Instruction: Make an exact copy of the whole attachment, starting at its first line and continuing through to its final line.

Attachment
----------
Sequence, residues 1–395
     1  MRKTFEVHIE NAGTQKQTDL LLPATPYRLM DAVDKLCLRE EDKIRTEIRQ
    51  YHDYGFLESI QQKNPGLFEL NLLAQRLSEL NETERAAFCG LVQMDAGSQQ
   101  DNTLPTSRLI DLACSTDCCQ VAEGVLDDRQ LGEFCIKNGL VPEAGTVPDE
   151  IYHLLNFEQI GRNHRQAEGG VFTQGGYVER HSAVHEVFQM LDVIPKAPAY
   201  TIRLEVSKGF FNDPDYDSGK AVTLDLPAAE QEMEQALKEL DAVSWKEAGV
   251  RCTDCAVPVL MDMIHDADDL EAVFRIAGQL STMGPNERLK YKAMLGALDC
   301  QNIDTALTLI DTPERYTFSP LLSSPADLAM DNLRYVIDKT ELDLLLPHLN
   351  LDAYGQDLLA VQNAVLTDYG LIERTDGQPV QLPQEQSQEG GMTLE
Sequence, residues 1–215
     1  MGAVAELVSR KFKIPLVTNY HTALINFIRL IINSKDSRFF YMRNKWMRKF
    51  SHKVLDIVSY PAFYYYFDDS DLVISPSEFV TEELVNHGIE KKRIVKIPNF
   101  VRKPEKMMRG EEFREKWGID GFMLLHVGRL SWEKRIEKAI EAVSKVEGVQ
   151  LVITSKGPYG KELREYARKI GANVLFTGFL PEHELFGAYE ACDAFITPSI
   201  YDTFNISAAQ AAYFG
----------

Sequence, residues 1–395
     1  MRKTFEVHIE NAGTQKQTDL LLPATPYRLM DAVDKLCLRE EDKIRTEIRQ
    51  YHDYGFLESI QQKNPGLFEL NLLAQRLSEL NETERAAFCG LVQMDAGSQQ
   101  DNTLPTSRLI DLACSTDCCQ VAEGVLDDRQ LGEFCIKNGL VPEAGTVPDE
   151  IYHLLNFEQI GRNHRQAEGG VFTQGGYVER HSAVHEVFQM LDVIPKAPAY
   201  TIRLEVSKGF FNDPDYDSGK AVTLDLPAAE QEMEQALKEL DAVSWKEAGV
   251  RCTDCAVPVL MDMIHDADDL EAVFRIAGQL STMGPNERLK YKAMLGALDC
   301  QNIDTALTLI DTPERYTFSP LLSSPADLAM DNLRYVIDKT ELDLLLPHLN
   351  LDAYGQDLLA VQNAVLTDYG LIERTDGQPV QLPQEQSQEG GMTLE
Sequence, residues 1–215
     1  MGAVAELVSR KFKIPLVTNY HTALINFIRL IINSKDSRFF YMRNKWMRKF
    51  SHKVLDIVSY PAFYYYFDDS DLVISPSEFV TEELVNHGIE KKRIVKIPNF
   101  VRKPEKMMRG EEFREKWGID GFMLLHVGRL SWEKRIEKAI EAVSKVEGVQ
   151  LVITSKGPYG KELREYARKI GANVLFTGFL PEHELFGAYE ACDAFITPSI
   201  YDTFNISAAQ AAYFG